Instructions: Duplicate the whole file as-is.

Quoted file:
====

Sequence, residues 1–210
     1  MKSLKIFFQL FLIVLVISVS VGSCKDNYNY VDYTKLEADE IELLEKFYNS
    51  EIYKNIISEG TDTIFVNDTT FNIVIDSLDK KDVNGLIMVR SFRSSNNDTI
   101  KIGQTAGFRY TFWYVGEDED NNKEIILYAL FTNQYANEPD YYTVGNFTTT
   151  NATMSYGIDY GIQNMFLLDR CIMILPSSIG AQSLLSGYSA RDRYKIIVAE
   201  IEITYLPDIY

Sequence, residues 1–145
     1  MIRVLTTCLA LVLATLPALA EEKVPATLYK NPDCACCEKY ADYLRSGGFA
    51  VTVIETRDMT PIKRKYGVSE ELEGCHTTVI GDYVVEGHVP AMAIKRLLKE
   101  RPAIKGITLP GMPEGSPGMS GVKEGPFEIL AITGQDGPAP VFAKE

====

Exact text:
Sequence, residues 1–210
     1  MKSLKIFFQL FLIVLVISVS VGSCKDNYNY VDYTKLEADE IELLEKFYNS
    51  EIYKNIISEG TDTIFVNDTT FNIVIDSLDK KDVNGLIMVR SFRSSNNDTI
   101  KIGQTAGFRY TFWYVGEDED NNKEIILYAL FTNQYANEPD YYTVGNFTTT
   151  NATMSYGIDY GIQNMFLLDR CIMILPSSIG AQSLLSGYSA RDRYKIIVAE
   201  IEITYLPDIY

Sequence, residues 1–145
     1  MIRVLTTCLA LVLATLPALA EEKVPATLYK NPDCACCEKY ADYLRSGGFA
    51  VTVIETRDMT PIKRKYGVSE ELEGCHTTVI GDYVVEGHVP AMAIKRLLKE
   101  RPAIKGITLP GMPEGSPGMS GVKEGPFEIL AITGQDGPAP VFAKE